Today I demonstrated hearth cooking at a local museum for a group of senior citizens. I talked to them about the log cabin I was cooking in, and the types of cooking that happens at the museum. Samples of scones were handed out, and I was honored to hear some of the stories the guests shared about their memories of food and cooking elicited by the smell and taste of the scones. We also had guests from different cultures who said that people still do a fair share of cooking over open fires in their countries of origin. We talked about the similarities between scones, bannock, roti, and naan and commented on how universal breads are to people across the ages.
This year Toronto TIFF films in the park ended their 2015 season with a free screening of Pride and Prejudice in David Pecaut Square. A few years ago a few of us dressed up and attended a screening of Sense and Sensibility and had a great time, so I thought why not do it again, arrive a little early, and do some dancing. I spread the word to my dance friends and we ended up a party of nine, two of us being Good Time Regency girls.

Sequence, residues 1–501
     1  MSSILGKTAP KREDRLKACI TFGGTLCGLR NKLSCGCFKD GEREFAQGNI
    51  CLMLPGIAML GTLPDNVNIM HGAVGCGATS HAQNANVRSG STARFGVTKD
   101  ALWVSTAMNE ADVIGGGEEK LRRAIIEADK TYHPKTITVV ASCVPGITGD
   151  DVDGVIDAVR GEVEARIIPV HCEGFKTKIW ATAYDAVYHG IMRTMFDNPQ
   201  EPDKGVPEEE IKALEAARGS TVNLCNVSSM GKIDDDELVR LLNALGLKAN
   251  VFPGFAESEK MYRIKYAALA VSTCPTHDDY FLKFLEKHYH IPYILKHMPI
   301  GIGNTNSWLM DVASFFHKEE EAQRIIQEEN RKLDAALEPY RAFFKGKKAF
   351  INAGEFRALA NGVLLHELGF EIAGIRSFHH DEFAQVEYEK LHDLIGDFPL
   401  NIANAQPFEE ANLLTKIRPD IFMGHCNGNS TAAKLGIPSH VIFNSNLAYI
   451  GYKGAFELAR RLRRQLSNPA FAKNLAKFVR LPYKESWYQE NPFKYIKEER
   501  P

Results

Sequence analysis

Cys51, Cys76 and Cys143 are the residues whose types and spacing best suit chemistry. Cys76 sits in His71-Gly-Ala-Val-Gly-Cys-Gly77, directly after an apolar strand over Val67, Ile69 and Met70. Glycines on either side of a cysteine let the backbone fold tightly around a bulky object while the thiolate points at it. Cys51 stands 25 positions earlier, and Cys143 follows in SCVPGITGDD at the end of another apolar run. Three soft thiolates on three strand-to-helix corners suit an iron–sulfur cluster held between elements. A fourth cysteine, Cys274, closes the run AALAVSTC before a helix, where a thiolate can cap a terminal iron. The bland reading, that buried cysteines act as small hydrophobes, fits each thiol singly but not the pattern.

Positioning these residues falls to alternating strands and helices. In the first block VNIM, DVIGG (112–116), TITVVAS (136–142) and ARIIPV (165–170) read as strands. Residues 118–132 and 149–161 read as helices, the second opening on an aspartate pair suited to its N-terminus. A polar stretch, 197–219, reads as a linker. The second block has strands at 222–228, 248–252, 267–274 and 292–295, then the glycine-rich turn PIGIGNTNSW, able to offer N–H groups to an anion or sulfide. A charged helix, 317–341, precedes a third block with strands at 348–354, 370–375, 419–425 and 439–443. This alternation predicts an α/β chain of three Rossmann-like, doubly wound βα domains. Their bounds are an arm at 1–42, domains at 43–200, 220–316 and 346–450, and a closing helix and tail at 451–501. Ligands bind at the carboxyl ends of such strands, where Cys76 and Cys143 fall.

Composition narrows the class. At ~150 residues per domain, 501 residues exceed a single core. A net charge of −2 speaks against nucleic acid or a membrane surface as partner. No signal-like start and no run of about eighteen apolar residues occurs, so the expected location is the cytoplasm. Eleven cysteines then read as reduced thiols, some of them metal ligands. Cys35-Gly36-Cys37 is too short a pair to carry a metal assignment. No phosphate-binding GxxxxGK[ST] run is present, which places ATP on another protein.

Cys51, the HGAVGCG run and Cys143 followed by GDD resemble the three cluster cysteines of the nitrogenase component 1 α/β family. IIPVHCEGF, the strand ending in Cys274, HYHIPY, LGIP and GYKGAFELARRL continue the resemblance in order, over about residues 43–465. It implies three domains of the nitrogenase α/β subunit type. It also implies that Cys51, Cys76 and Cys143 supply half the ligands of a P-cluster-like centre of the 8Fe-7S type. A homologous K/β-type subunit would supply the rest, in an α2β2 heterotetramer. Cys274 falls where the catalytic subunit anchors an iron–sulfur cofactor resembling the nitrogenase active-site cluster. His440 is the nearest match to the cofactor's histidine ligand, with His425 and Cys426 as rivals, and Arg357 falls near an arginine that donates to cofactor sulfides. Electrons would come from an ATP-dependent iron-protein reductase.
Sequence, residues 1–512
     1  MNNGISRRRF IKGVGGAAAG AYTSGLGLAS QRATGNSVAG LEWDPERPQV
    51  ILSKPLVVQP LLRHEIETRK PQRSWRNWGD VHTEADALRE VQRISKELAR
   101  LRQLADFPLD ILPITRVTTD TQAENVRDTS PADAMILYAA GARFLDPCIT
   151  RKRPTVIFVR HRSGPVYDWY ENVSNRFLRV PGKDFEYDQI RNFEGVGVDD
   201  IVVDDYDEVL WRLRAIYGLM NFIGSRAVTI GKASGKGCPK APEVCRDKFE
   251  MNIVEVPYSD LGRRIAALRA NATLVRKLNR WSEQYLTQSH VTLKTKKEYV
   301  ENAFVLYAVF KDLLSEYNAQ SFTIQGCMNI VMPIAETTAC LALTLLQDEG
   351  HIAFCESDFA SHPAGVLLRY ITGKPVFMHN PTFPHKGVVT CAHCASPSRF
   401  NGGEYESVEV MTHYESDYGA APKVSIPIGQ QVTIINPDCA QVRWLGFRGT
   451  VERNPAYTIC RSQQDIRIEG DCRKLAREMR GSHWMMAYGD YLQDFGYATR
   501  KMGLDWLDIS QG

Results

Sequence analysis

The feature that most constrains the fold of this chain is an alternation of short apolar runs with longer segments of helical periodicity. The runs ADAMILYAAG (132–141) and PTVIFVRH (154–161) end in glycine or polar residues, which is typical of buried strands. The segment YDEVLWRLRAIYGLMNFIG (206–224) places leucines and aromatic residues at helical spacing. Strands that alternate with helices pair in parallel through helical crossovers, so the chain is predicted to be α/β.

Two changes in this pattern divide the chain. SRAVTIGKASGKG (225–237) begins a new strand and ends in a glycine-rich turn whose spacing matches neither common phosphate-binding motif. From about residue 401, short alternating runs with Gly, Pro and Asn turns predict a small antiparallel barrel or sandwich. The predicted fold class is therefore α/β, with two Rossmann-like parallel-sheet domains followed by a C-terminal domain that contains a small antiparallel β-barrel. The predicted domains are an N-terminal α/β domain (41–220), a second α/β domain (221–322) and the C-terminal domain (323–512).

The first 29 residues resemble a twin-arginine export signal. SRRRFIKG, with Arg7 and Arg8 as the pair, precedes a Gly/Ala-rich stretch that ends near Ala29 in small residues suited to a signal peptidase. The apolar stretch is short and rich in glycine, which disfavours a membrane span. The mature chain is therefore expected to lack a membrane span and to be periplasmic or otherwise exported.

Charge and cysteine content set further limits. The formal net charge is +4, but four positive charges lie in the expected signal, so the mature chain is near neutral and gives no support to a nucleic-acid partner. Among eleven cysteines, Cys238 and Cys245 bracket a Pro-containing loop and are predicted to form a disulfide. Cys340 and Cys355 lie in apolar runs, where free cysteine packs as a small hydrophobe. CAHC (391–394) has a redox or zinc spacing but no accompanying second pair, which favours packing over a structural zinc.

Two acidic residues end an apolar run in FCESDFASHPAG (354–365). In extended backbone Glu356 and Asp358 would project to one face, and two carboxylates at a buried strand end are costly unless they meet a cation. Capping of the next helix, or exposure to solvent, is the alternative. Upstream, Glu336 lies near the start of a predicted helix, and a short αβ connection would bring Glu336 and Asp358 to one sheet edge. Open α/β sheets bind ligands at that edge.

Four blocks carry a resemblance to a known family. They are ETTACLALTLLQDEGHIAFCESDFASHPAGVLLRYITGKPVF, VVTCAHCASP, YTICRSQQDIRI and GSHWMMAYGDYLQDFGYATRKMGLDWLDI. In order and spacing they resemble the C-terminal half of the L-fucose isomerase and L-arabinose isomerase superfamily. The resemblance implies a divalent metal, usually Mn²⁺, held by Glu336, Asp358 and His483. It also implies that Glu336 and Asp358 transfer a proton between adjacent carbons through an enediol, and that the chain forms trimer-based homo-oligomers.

We found a quiet corner of the park to dance in. After we started, a TIFF organizer approached us to see if we would be interested in dancing in front of the crowd that was assembling for the film.
We decided “Why Not?” TIFF played our music through their very loud sound system, and we danced for about 30 minutes leading up to the screening of the film. At the end, we got a huge applause from a crowd of approximately 200 people.
Afterwards we were approached by several people who were interested in learning more about English Country Dancing, and eventually got settled into our chairs for the film. The evening was certainly not what we had expected, but it was such great fun. Three cheers for The TIFF Assembly!